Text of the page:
The Australian Government’s announcement of its weak contribution to the Paris climate change agreement is a major blow for the poorer countries in our region already having to cope with the effects of climate change.
Oxfam Australia’s Chief Executive Dr Helen Szoke said the commitment to reduce Australia’s carbon pollution by a mere 26 – 28 per cent by 2030 below 2005 levels showed the government was still failing to recognise the economic opportunities for Australia in transitioning to a zero-carbon future, and most of all the devastating impact of climate change on hunger, poverty and inequality.
“With this provisional target the government has shown it is willing to accept a future of growing risks and hardship for the world’s poorest communities,” Dr Szoke said.
“This is a major blow for our Pacific neighbours, who are already paying a serious price for the failure of Australia and other rich nations to act faster, with saltwater inundation, shifting seasons and extreme weather destroying homes and livelihoods.
“Importantly, this must be understood as a provisional offer – there is still time for Australia to up its game and commit to a stronger target in Paris.”
Dr Szoke has recently returned from Vanuatu and Kiribati, where she witnessed the escalating impacts of climate change and viewed the determined efforts of communities in rising to the challenge.
As a leading international agency, Oxfam is seeing the world’s poorest people made even more vulnerable through the increasing risk of droughts, floods, hunger and disease due to climate change.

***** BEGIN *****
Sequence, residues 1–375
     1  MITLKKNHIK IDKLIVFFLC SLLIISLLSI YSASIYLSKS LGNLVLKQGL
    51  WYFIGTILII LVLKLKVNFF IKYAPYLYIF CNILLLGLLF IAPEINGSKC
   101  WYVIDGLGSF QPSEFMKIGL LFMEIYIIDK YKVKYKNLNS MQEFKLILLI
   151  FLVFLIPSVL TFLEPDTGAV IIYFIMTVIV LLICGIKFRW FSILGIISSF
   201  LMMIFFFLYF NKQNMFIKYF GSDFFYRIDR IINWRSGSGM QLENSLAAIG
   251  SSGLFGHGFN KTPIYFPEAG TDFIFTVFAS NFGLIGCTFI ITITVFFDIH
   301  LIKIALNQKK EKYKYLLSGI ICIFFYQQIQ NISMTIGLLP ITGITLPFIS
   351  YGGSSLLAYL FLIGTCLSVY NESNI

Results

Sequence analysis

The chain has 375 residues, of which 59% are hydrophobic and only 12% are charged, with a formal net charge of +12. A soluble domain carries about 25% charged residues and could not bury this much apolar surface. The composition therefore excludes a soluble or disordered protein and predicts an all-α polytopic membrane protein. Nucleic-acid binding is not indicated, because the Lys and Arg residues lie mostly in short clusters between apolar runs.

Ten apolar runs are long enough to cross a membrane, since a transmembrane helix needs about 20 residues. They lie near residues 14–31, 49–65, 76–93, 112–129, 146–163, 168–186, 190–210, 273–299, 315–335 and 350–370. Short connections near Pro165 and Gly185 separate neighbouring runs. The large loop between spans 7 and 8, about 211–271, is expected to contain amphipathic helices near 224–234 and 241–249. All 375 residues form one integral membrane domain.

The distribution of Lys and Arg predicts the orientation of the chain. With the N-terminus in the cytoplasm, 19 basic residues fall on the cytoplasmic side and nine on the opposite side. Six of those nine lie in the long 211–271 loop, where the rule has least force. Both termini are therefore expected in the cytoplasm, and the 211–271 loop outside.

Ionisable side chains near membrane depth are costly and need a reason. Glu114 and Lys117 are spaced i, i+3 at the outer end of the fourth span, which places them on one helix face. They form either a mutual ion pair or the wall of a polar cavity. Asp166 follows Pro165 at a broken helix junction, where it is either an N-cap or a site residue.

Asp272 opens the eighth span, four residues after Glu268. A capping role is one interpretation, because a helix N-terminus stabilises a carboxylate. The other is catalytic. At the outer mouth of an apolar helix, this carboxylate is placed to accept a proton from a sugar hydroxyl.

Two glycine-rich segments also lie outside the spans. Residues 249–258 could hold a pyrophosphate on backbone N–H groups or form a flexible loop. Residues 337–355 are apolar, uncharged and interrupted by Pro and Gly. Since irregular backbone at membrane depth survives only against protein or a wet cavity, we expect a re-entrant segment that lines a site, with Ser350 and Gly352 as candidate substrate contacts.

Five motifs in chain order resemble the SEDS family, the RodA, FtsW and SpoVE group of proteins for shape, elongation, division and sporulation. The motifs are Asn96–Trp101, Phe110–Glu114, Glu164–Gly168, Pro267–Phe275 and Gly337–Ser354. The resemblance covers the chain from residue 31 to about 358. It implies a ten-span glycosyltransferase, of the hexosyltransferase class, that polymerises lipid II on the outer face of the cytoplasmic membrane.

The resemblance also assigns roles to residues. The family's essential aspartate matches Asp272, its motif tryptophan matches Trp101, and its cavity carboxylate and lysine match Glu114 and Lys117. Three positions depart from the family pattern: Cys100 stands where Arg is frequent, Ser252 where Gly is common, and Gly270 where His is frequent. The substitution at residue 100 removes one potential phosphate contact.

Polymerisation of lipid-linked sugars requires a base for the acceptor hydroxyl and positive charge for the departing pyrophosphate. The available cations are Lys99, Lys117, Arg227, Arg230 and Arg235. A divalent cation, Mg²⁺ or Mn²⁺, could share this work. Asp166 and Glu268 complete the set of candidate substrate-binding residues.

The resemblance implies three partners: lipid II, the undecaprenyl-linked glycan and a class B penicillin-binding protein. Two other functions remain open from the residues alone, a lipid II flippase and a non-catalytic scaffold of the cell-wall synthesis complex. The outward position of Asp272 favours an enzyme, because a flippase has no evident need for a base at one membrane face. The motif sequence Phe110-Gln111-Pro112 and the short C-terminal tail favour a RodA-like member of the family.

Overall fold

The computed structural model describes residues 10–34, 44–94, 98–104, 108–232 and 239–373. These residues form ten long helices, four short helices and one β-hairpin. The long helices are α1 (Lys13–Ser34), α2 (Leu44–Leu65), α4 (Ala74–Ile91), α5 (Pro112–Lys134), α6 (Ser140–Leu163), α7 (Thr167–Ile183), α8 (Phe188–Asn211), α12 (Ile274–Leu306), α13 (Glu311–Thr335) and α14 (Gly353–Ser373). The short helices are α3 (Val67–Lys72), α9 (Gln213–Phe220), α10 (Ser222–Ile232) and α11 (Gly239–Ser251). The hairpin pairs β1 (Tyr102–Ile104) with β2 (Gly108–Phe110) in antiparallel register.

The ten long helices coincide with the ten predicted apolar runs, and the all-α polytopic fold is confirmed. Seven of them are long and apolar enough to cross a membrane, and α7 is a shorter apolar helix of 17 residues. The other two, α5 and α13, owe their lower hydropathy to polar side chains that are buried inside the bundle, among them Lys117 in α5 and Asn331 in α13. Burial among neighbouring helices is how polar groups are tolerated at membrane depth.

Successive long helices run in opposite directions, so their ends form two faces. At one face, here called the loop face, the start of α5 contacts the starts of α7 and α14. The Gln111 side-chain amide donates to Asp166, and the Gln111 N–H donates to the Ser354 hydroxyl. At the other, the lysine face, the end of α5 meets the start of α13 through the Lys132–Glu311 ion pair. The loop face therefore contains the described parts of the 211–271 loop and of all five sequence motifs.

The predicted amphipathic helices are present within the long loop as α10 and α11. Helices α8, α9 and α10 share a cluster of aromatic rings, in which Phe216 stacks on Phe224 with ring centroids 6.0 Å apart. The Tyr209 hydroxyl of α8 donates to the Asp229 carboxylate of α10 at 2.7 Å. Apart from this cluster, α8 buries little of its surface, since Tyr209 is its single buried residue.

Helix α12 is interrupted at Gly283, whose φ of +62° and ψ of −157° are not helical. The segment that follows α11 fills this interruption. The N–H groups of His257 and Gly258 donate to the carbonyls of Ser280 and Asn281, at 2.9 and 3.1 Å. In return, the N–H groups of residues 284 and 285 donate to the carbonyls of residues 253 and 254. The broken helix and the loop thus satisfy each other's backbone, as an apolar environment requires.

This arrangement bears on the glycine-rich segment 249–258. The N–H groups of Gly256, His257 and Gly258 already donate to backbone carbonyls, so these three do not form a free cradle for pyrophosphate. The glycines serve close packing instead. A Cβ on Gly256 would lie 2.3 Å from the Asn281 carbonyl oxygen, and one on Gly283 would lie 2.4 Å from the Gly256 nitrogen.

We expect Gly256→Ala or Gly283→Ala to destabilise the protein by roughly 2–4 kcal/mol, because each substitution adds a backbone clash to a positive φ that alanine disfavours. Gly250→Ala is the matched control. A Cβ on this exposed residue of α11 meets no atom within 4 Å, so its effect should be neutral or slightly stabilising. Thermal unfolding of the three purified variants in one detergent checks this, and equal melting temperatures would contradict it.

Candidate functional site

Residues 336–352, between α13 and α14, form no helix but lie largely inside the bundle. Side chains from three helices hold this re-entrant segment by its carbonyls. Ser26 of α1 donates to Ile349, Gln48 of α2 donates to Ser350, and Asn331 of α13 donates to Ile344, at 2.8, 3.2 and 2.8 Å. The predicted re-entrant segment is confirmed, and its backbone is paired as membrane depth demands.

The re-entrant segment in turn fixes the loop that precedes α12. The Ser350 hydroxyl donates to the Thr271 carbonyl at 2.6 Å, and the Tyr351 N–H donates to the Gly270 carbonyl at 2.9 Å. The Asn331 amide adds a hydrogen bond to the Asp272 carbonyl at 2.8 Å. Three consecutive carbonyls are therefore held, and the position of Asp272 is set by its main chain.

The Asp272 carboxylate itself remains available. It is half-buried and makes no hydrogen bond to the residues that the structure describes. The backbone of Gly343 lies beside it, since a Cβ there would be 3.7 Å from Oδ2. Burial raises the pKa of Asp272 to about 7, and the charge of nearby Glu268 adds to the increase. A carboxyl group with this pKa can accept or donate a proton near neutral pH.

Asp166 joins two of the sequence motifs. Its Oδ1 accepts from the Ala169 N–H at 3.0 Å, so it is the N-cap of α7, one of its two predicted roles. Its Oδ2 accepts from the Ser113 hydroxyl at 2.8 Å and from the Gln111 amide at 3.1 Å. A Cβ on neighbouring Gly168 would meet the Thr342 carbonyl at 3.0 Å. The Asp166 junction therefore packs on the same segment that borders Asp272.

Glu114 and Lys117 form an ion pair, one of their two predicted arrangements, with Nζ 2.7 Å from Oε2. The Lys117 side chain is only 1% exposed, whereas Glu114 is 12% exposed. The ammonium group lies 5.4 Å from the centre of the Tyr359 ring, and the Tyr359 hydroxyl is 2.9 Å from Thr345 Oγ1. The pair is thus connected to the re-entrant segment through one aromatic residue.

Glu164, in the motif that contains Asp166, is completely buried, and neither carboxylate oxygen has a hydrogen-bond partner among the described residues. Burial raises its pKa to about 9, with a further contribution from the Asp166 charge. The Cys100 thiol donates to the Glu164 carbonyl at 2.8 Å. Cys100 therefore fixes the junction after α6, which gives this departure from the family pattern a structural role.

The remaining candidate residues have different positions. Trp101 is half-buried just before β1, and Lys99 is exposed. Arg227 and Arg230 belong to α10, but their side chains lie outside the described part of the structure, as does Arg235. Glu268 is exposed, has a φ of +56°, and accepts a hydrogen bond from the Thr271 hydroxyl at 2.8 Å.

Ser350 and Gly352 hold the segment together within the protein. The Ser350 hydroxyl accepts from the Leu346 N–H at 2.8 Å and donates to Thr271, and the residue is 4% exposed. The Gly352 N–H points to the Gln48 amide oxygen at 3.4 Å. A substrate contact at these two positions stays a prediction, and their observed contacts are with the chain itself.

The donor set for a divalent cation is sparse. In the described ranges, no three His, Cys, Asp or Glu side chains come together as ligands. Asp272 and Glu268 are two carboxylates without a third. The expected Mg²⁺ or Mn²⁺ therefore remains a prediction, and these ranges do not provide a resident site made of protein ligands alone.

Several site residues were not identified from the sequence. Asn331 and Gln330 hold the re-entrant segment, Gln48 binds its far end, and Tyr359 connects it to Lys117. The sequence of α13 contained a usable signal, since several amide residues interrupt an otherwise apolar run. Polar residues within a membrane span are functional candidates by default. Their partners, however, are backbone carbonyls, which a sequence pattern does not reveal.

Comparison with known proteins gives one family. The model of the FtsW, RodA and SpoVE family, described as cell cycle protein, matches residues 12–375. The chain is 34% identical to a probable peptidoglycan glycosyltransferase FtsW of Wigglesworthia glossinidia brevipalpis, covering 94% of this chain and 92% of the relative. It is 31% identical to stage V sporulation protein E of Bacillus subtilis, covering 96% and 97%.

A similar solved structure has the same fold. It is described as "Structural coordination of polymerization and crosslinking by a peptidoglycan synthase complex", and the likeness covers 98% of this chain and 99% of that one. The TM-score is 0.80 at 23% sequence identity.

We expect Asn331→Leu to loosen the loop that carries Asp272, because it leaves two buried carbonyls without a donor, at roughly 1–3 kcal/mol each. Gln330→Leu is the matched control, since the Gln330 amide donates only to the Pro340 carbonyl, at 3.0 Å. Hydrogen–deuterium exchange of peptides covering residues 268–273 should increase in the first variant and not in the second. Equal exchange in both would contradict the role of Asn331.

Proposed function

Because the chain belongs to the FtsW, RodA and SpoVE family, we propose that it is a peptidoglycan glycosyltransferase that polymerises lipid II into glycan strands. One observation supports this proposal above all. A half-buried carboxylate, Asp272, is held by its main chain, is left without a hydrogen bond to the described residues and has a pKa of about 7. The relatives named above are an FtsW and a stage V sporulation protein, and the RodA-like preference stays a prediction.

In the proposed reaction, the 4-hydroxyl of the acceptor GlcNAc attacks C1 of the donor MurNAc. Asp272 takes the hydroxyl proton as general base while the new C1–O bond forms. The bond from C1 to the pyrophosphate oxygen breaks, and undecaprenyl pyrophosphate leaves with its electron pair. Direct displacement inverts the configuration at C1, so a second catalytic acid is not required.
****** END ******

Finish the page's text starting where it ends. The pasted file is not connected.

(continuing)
“2015 has delivered some forceful reminders of the consequences of climate inaction. In March, Cyclone Pam brought devastation to Vanuatu and other Pacific nations, leaving a trail of hunger and homelessness. In May and June, heat waves killed thousands in India and Pakistan,” she said.
“Developing countries are already putting in place ambitious climate action plans and setting about building the resilient, equitable, low-carbon economies of the future, while the Australian Government seems intent on making Australia a polluting backwater.”
Oxfam has said that the government should be committing to reducing Australia’s carbon pollution by at least 45 per cent below 2005 levels by 2025 and at least 65 per cent below 2005 levels by 2030, with a plan to reach zero emissions as soon as possible and well before mid-century. As a wealthy developed country, Australia must also substantially increase support to poorer countries with adapting to climate change and implementing their own climate action plans. Progress on international climate finance remains critical ahead of Paris.
Countries must submit their ‘Intended Nationally Determined Contributions’ (INDCs) – an outline of their climate action plans and how far they propose to reduce their emissions – well ahead of the Paris climate conference, where governments will finalise a new global climate agreement.
Australia was the last developed country to submit its INDC. Several developing countries including China, Ethiopia, Kenya, Mexico and the Marshall Islands submitted well ahead of Australia. Oxfam said that Australia’s INDC fell well short of a fair contribution towards the internationally agreed goal of keeping the global temperature rise below 2°C.
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